At this writing, more than a thousand new top-level domain names (TLDs) are just starting to go live. TLDs are the descriptors that follow the period in a Web address, such as .com, .org, and .gov. Up until 2014, there were 22 general TLDs and 280 country-specific ones.108 Some of the new TLDs will be written in Arabic, Chinese, and Russian scripts; others are likely to be company names, such as .google or .amazon; still others will be generic terms, such as .blog or .pizza. Successful registrants will have the right to sell second-level domains (the portion of the address that precedes the TLD). Thus, popular TLDs could also be very lucrative to their holders. Verisign, which currently manages the .com and .net TLDs, reported $874 million in 2012 revenues. ICANN accepted proposals from applicants for both open-use TLDs and restricted TLDs, the use of which the successful applicant might reserve solely for itself. L’Oreal is seeking the TLD .beauty and has stated that it would reserve some second-level domains, such as personal.beauty for itself. Amazon indicated that all of the TLDs for which it applied will be closed, for its use only. ICANN has indicated, however, that it has not yet determined whether to allow “closed generic domains.”109 [For more on the new TLDs, see http://newgtlds.icann.org/en]
1. If you were a member of ICANN, who would you vote to give the TLD of .amazon to—Amazon.com or the consortium of Latin American countries through which the Amazon River runs?110 Would you agree to the creation of such TLDs as .Jew, .Christian, .Muslim, .Baha’i, .Moses, .Jesus, and .Mohamad? Explain. Should community, cultural, historical interests—such as the use of a name—be in control of commercial interests and individual companies? Discuss.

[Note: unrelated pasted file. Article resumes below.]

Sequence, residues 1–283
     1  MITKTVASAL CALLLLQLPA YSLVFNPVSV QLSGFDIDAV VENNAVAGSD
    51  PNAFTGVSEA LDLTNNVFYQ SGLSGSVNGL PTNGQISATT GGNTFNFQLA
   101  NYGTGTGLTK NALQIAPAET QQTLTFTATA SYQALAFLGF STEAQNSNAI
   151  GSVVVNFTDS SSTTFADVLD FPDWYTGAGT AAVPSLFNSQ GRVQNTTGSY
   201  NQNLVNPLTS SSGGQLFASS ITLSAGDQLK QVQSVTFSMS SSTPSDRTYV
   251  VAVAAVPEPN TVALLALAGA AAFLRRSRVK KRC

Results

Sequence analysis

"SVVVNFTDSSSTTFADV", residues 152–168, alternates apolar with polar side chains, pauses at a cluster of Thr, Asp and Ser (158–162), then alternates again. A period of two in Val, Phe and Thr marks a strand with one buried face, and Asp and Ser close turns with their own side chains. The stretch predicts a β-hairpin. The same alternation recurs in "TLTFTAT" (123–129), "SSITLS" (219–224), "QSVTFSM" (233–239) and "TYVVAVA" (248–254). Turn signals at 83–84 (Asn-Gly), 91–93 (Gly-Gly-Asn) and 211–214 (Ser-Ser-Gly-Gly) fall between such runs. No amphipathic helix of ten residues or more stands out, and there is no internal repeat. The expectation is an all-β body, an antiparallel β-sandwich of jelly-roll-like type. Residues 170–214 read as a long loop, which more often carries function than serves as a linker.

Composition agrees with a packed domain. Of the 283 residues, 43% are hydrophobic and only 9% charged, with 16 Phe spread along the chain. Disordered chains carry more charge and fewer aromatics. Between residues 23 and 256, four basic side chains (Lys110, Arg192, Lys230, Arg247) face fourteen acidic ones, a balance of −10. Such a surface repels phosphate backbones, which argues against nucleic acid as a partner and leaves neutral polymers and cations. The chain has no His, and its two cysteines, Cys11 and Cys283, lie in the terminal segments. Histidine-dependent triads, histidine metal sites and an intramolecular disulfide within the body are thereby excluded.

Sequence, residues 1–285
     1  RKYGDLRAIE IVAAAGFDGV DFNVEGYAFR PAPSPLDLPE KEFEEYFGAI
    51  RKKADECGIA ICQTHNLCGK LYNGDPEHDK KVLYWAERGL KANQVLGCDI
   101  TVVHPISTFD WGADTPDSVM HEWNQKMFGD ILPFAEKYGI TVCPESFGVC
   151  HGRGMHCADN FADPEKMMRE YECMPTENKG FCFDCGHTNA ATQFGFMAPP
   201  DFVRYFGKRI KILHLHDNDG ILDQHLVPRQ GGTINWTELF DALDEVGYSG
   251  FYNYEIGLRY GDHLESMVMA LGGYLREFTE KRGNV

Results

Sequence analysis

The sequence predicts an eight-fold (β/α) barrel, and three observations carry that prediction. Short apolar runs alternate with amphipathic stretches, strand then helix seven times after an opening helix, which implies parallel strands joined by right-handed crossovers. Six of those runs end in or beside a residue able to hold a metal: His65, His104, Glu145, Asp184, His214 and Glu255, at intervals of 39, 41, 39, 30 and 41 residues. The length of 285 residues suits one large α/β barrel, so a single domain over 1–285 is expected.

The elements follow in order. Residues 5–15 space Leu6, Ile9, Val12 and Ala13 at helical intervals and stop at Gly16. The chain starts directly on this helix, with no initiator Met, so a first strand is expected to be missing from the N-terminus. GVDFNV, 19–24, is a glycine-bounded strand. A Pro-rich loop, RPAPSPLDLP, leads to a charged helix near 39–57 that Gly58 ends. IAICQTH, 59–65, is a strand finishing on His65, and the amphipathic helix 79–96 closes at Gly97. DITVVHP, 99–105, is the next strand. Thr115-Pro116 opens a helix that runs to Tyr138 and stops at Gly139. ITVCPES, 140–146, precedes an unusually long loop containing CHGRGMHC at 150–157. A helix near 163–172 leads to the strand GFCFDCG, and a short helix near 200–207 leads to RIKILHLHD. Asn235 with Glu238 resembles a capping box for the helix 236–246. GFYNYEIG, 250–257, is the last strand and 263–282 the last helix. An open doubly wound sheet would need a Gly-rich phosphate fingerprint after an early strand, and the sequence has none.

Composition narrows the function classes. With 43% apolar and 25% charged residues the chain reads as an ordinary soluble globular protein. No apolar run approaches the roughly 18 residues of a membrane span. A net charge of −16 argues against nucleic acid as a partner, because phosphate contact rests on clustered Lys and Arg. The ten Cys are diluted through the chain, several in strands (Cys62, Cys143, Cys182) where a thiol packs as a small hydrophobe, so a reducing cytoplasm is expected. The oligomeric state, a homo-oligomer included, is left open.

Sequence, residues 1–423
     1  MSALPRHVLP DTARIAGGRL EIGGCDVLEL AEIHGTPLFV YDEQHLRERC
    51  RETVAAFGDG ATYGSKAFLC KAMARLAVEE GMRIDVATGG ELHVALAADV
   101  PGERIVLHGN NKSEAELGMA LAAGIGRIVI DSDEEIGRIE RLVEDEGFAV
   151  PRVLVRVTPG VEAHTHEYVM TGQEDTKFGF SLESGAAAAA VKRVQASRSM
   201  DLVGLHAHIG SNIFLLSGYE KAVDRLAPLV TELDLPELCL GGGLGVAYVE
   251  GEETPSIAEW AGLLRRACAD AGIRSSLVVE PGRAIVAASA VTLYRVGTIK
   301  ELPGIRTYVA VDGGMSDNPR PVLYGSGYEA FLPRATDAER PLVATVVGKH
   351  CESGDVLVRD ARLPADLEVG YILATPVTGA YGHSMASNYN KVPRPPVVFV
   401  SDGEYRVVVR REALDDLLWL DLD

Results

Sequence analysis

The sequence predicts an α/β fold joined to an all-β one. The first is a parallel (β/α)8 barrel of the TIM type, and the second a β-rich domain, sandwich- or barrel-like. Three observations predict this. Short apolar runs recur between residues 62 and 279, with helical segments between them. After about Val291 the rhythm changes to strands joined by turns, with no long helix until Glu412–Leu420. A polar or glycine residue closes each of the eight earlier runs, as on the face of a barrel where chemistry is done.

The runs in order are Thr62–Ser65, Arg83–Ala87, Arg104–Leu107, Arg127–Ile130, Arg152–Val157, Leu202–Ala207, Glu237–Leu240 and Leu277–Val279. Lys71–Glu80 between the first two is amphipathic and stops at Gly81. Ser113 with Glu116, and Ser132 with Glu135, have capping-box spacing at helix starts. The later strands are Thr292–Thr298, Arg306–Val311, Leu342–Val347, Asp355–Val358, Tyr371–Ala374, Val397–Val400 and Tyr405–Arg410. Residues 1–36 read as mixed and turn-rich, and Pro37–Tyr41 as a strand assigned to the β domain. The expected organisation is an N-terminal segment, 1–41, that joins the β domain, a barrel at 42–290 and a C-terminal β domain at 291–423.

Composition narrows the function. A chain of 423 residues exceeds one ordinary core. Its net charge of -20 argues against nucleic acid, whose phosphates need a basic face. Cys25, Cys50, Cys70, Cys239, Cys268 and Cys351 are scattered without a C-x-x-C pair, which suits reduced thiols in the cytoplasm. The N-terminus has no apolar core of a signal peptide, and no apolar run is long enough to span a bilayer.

2. Applicants were charged $185,000 for each TLD application they filed. They will incur another $25,000 annually for each TLD they retain.111 Do these fees raise ethical issues in terms of who might have wanted to control a particular TLD, but were financially unable to pay these fees? Explain.
3. Donuts Inc. filed the most applications, 307, and paid $57 million for the privilege to do so.112 It was the only applicant for 149 of them. Some have expressed concern with Donuts Inc. as an appropriate registrant because of its alleged ties to Demand Media, “a company with a well-documented history of providing services to spammers and other perpetrators of Internet abuses.”113 Demand Media has been a “host to sites that commit ‘cybersquatting.’”114 Would you vote to allow Donuts Inc. to control over a hundred new TLDs? Discuss.
4. As stated above, Donuts Inc. applied for 307 TLDs. Google applied for 101 TLDs; Amazon for 76.115 Should one entity be permitted to control that many TLDs? Is it anticompetitive to give control over generic TLDs to private companies? Discuss.